From this flowed so much, including our exit from the ERM and avoidance of the Single Currency. I recall how often we were warned that we couldn’t afford leave the ERM, yet when we did the economy boomed. Similarly, when I became leader I determined to change William Hague’s policy on the Euro and say simply that we would never join. Again, we were told it would be a big mistake and that the Euro was bound to be a success. Now imagine what would have happened at the time of the crash had we been in the Euro; for that, you need only look at France, Italy and Spain, with their high unemployment and financial crisis.

Throughout, in the UK this reality has hardly dared raise its name, with successive Prime Ministers fighting fruitless ‘rearguard actions’ in negotiations and then claiming at home that we were winning in Europe. Remember Douglas Hurd saying that Maastricht marked the high water of European federalism and John Major saying it was ‘game set and match’ to the UK after Maastricht. These words sound hollow now and found echoes twenty-four years later in David Cameron’s claim to have negotiated a special deal for the UK. They were wrong then and he was wrong last year. What both showed was that the European Project brooks no real exceptionalism, and its destination – a United States of Europe – is believed and understood throughout the EU.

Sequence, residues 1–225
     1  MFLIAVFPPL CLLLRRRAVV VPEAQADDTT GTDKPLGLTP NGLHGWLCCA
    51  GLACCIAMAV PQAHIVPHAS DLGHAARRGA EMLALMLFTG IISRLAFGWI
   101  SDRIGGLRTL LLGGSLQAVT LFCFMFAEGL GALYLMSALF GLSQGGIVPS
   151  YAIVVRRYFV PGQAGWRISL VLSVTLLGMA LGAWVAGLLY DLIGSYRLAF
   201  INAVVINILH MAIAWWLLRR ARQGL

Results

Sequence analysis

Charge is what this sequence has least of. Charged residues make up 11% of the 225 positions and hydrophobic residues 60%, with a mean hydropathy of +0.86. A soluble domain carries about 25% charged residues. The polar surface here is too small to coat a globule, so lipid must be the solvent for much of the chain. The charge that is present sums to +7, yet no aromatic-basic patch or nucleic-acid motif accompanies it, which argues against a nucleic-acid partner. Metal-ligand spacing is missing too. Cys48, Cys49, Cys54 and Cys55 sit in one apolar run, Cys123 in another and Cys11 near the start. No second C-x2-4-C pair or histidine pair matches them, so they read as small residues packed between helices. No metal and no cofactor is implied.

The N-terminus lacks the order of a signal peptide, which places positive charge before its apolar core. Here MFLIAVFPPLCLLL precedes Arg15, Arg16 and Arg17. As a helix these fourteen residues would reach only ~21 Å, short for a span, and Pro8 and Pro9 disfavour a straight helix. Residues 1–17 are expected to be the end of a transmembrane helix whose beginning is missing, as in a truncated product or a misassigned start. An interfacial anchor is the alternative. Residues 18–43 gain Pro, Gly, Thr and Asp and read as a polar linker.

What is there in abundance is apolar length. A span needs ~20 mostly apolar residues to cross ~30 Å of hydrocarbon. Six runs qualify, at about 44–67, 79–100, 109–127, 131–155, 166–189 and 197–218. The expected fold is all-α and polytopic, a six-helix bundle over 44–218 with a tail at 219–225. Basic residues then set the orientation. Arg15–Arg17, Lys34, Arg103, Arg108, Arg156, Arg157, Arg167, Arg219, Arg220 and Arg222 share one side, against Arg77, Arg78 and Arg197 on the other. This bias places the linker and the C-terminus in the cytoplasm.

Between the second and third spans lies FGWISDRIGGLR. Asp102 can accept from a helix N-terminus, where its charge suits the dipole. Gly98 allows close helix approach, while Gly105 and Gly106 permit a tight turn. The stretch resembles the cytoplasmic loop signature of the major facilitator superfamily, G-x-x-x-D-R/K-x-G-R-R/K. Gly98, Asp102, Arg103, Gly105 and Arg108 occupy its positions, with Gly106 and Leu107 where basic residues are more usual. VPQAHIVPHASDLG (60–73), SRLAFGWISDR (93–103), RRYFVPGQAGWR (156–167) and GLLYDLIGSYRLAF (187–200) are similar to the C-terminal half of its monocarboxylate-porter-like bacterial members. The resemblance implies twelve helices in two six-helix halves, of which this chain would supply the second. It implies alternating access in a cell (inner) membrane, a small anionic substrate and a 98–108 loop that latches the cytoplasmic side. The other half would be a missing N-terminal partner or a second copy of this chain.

It was this refusal to admit what the project was all about which led to Vote Leave winning the referendum. In a recent Centre for Social Justice/Legatum review of the vote, it found that those who voted to leave cited regaining sovereignty as their number one reason for voting, more than migration and money.

Twenty-five years ago, with the passing of the Maastricht treaty, the EU decided to leave the UK. We are now bound on a course to formalise that decision. We do so with political leaders in the EU beginning to use common sense terms as they now speak of needing good arrangements with the UK to protect their markets and their access to financial services. Whilst there is much to be done and plenty of hard work ahead, I am confident that Theresa May and her team can deliver an arrangement that suits both the UK and the members of the EU. After all it must be in everyone’s interest, as President Juncker said the other day, for the UK and the EU to part as friends, co-operating and trading.

Imagine that: a Prime Minister of the UK no longer forced to describe their activities as ‘winning in Europe’ but, instead, able to show that we are instead winning outside of the EU.